Of Love in Reproof
S. Frances Harrison, Pine, Rose and Fleur de Lis (Toronto: Hart, 1891): 207-08. Internet Archive
1I thought that Life was worth the living,
2I thought that Love was worth the giving.
3Sweet, do you wonder how I know
4What you knew doubtless years ago.
5That Life is made up of follies and vices,
7For though you are young, so young, you go
8To the play or ball in a boddice low,
9And your hair still curls in a childish way,
10And you laugh and sing and jest all day,
11Yet are you older far than me;
12You are not young as a woman should be
13In maiden lore of down-dropt eyes;
14Nor would your cheeks pale in a pure surprise
15Were I to tell you a tender tale.
16Though mine would flush and my voice would fail,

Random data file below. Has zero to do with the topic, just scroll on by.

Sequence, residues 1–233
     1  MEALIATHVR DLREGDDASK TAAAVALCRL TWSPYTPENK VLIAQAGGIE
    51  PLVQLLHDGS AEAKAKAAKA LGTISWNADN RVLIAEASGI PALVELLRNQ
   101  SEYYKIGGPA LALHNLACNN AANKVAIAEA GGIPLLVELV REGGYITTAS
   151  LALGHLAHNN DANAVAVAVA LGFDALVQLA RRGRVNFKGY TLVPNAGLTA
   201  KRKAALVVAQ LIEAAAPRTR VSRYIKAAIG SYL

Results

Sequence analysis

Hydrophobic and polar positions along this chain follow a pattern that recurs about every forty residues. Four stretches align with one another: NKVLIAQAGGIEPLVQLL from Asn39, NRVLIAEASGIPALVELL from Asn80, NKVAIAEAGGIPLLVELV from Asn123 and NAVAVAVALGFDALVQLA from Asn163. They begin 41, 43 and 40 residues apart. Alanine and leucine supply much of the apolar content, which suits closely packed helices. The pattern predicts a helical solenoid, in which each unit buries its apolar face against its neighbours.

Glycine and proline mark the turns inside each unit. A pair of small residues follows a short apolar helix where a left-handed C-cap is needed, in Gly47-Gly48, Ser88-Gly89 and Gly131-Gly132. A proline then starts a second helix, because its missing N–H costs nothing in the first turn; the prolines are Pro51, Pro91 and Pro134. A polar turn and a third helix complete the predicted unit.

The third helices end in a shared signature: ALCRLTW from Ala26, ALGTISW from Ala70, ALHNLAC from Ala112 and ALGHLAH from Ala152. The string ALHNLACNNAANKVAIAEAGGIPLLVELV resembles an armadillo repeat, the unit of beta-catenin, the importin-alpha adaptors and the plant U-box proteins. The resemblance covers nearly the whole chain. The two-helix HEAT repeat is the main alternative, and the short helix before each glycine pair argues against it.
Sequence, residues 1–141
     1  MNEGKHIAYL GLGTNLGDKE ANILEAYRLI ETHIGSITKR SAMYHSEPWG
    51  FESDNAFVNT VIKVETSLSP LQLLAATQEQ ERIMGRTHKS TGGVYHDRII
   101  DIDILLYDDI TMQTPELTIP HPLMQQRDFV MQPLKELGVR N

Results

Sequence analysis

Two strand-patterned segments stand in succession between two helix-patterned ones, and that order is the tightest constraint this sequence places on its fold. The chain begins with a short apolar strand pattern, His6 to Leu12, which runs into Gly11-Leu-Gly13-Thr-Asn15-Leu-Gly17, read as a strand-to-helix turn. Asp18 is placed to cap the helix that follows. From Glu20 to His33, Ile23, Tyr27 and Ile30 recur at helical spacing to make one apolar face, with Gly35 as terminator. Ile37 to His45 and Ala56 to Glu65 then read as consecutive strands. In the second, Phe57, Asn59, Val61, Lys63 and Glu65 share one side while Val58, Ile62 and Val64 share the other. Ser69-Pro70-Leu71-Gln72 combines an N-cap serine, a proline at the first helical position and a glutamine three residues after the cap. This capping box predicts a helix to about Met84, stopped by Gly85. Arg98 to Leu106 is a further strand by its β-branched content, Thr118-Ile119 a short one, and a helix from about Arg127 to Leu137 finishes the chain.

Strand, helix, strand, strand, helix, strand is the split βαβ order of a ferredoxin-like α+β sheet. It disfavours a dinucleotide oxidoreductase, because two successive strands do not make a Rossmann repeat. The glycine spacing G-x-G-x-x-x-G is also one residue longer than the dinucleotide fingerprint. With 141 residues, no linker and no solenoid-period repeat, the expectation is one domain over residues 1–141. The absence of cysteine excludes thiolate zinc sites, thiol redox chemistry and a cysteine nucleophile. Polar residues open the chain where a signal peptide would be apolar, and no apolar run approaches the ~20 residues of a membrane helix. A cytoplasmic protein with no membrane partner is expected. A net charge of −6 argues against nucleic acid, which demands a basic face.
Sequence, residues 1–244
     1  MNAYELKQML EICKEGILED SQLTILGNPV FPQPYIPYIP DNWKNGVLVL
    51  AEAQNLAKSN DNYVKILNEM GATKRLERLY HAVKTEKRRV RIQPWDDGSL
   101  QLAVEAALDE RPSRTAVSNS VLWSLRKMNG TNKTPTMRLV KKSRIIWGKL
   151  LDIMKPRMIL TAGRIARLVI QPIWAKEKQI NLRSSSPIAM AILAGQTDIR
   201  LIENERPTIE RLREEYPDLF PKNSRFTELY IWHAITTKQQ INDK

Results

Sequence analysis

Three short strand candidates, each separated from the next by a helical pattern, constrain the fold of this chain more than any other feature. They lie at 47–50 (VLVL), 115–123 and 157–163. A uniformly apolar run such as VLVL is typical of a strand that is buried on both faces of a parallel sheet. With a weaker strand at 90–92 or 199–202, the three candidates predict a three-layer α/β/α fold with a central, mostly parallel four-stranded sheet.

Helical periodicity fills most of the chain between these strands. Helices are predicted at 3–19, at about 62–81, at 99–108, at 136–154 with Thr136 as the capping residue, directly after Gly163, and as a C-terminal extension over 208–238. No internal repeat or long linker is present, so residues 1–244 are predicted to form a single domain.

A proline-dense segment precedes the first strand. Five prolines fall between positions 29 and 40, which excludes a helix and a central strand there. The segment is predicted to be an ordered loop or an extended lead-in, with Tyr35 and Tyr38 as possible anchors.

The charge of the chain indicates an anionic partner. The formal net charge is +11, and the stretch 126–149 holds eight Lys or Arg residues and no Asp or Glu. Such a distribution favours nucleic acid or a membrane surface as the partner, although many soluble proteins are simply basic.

17O Sweet, if ever I tried to speak
18The passion that makes us both fierce and weak.
19It is left me to think what a woman might be,
20Had she your eyes, your laugh of glee.
21Your hair too--spirals of glossy brown,
22I remember the day you took it down--
23With just this difference--hear me, Sweet,
24Am I hard who yesterday knelt at your feet?--
25Her mind should be pure and her heart be young,
26With trust in her eyes and truth on her tongue.
27Once will I crush your hands in mine,
28(I had thought my mother's ring not too fine
29For the dear third finger, but back, my pearl,
30You were meant for a purer if plainer girl!)
31And once will I kiss you, you'll let me, I know,
32(And that is bitter) before I go.
33What! you move away! Well, perhaps it is best;
34Your lips are not made to make men rest.
6] as a pastime. Back to Line
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